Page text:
Clark, K. B. (1965). Dark ghetto: Dilemmas of social power. New York: Harper & Row.
After the triumph of the Supreme Court decision in Brown v. Board of Education of Topeka, Kenneth Clark and many of his colleagues believed that this country would move quickly to ensure social justice for all. It did not happen and this book is his cri de coeur about continuing segregation throughout the country. In the last chapter, he takes white liberals to task for their illusions about inclusiveness. Here is just one quote: "The liberal position, when applied to race, has been, for a multiple of reasons, somewhat tainted. In those areas of life where liberals are powerful-labor unions, schools, and politics-c-one is forced to say that the plight of the Negroes is not significantly better than it is in areas where liberals are not dominant" (p. 230).
There are so many pithy passages I could quote from this book, but here are the last three sentences: "White and Negro must fight together for the rights of human beings to make mistakes and to aspire to human goals. Negroes will not break out of the barriers of the ghetto unless whites transcend the barriers of their own minds, for the ghetto is to the Negro a reflection of the ghetto in which the white lives imprisoned. The poetic irony of American race relations is that the rejected Negro must somehow also find the strength to free the privileged white" (p. 240).
Clark, K. B., Chein, 1., & Cook, S. W. (2004). The effects of segregation and the consequences of desegregation: A (September 1952) social science statement in the Brown v. Board of Education of Topeka Supreme Court case. American Psychologist, 59,495-501.
Click here for link to document.
This is brief submitted to the Supreme Court that was so influential in over-turning the "separate but equal" idea in American education. Clark, an African American psychologist who did much research on the effects of racial segregation on African Americans, and his colleagues argued not only that segregation is bad for African American children, but that it also harms White children. This brief is considered so important in the history of psychology that a leading journal of the discipline republished it in 2004.
Clark, K. B. & Clark, M. P. (1952). Racial identification and preference in Negro children. In Seanson, G. E., Newcomb, T. M., & Hartley, E. L. (Eds.), Reading in social psychology (Rev. ed., pp. 551-560). New York: Henry Holt and Company.
Click here for link to document.
In this famous study, African American psychologists Kenneth and Mamie Clark presented dolls to children and asked them which doll they liked best, which was nicer, which looked bad, etc. They found that the "majority of these Negro children prefer the white doll and reject the colored doll" (p. 557), although the preference declined somewhat from age 4 to age 7. There was also a difference between children in segregated Southern schools and mixed Northern schools; the latter more strongly preferred the white doll.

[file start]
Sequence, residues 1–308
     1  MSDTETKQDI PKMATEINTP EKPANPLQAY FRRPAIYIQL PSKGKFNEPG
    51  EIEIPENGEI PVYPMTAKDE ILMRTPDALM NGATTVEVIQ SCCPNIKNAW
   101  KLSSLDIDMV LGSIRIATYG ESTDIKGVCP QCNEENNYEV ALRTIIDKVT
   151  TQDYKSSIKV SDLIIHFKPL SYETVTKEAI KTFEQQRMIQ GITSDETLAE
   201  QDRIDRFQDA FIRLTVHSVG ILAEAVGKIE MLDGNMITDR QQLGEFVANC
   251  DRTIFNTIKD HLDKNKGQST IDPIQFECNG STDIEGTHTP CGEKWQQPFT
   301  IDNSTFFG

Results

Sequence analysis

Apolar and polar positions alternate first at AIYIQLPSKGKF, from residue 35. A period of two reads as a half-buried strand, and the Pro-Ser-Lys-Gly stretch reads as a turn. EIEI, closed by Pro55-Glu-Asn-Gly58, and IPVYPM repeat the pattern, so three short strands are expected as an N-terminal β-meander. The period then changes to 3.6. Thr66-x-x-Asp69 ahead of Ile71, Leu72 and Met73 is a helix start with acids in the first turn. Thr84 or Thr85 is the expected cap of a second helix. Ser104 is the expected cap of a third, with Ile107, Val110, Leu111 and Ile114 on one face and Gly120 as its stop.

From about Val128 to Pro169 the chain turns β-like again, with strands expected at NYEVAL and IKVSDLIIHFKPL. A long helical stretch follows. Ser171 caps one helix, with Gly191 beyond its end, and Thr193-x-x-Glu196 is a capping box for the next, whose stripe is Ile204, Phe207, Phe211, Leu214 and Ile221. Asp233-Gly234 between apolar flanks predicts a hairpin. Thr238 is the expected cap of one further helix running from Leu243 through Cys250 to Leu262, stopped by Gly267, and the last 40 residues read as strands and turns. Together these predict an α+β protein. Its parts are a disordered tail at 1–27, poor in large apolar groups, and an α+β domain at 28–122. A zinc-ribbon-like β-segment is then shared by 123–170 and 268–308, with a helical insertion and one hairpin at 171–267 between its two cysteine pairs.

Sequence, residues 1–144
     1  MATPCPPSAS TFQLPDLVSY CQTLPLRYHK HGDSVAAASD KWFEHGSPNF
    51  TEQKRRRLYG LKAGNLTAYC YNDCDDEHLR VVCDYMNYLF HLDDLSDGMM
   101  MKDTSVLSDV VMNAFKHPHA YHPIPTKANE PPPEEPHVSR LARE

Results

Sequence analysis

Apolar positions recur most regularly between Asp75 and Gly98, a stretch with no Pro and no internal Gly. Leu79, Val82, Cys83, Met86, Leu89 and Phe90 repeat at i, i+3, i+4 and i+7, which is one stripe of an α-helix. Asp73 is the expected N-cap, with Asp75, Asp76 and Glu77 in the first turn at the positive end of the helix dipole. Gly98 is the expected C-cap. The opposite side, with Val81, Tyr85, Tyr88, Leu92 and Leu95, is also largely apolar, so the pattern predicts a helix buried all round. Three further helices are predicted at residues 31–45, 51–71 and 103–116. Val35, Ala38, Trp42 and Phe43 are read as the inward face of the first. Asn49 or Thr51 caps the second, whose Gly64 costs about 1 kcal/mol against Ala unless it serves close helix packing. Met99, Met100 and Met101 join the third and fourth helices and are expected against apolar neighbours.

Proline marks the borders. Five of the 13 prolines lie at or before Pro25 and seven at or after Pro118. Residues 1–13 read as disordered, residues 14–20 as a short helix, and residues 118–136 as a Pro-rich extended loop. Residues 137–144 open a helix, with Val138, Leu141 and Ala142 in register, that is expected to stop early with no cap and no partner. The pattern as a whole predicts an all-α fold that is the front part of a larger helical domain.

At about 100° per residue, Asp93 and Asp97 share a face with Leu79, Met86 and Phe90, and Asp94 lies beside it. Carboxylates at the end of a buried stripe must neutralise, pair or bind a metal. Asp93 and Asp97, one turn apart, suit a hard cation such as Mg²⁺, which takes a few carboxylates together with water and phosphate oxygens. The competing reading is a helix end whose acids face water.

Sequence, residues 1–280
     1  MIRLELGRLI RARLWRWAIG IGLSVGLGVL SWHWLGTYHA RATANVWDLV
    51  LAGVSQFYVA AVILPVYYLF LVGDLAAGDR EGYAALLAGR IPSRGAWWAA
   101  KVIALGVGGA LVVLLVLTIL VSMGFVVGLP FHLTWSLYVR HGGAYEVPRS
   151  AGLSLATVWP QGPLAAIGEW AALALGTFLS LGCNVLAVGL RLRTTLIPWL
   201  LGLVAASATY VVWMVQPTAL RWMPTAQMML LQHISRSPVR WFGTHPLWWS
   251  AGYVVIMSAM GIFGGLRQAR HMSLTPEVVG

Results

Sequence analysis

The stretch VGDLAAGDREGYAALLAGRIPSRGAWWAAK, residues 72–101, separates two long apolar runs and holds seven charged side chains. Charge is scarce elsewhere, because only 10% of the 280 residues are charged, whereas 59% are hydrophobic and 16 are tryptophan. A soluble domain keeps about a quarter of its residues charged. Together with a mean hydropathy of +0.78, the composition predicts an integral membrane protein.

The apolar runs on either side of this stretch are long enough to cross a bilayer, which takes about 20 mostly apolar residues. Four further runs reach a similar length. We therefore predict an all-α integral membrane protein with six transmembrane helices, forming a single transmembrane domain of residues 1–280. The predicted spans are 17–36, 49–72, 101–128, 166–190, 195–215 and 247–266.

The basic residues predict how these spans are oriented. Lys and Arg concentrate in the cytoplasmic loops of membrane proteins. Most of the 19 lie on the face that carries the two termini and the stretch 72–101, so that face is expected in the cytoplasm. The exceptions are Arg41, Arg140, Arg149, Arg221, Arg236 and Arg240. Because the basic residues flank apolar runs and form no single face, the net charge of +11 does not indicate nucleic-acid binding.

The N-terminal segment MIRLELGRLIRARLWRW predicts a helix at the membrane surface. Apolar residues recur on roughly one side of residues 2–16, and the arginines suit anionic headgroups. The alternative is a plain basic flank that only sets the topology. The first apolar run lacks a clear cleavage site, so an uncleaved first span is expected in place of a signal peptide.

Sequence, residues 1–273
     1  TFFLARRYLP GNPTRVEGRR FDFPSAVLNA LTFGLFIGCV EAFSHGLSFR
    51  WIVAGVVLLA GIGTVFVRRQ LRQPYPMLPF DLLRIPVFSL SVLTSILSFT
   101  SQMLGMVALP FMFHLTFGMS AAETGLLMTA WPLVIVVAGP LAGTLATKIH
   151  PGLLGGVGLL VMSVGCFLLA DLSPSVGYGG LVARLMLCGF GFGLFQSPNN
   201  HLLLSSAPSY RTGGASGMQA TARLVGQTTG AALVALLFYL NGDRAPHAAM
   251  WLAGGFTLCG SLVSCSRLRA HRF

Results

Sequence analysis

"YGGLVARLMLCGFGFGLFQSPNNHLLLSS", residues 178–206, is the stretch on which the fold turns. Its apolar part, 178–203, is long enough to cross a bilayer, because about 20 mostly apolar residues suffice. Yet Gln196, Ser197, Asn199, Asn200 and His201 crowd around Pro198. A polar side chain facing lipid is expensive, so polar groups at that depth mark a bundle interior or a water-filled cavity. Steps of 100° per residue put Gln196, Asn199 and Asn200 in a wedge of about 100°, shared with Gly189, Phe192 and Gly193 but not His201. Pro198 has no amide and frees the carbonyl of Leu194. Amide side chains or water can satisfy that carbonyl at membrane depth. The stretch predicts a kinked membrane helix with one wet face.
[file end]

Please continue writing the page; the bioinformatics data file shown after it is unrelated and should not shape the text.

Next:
Guthrie; R. V. (1998). Even the rat was white: A historical view of psychology (2nd ed.). Boston: Allyn & Bacon.
This well-known book by an African American psychologist traces this history of how psychology has constructed racial differences "scientifically." Of course, this wasn't science at all, but pseudo-science. Guthrie also provides important information about the first generation of African Americans who got Ph.Ds in psychology, the challenges they faced, the people who support their admission to universities, and the research programs they developed.
Klineberg, O. (1935). Race differences. New York: Harper & Brothers.
Otto Klineberg was very influential in the early years of social psychology, arguing that psychologists needed to take a stand on the pressing social issues of the time. He helped to found the Society for the Scientific Study of Social Issues, an effort that not all psychologists supported. In this book, he lays out his argument that "there is no adequate proof of fundamental race differences in mentality, and that those differences which are found are in all probability due to culture and the social environment." He criticizes the "biological approach" and the "psychological approach to race differences" and concludes that "once science has demonstrated that there is nothing in the brain or blood of other races which justifies our ill-treatment of them, it becomes important to see that this knowledge is disseminated." He wrote this book for college students and the general public.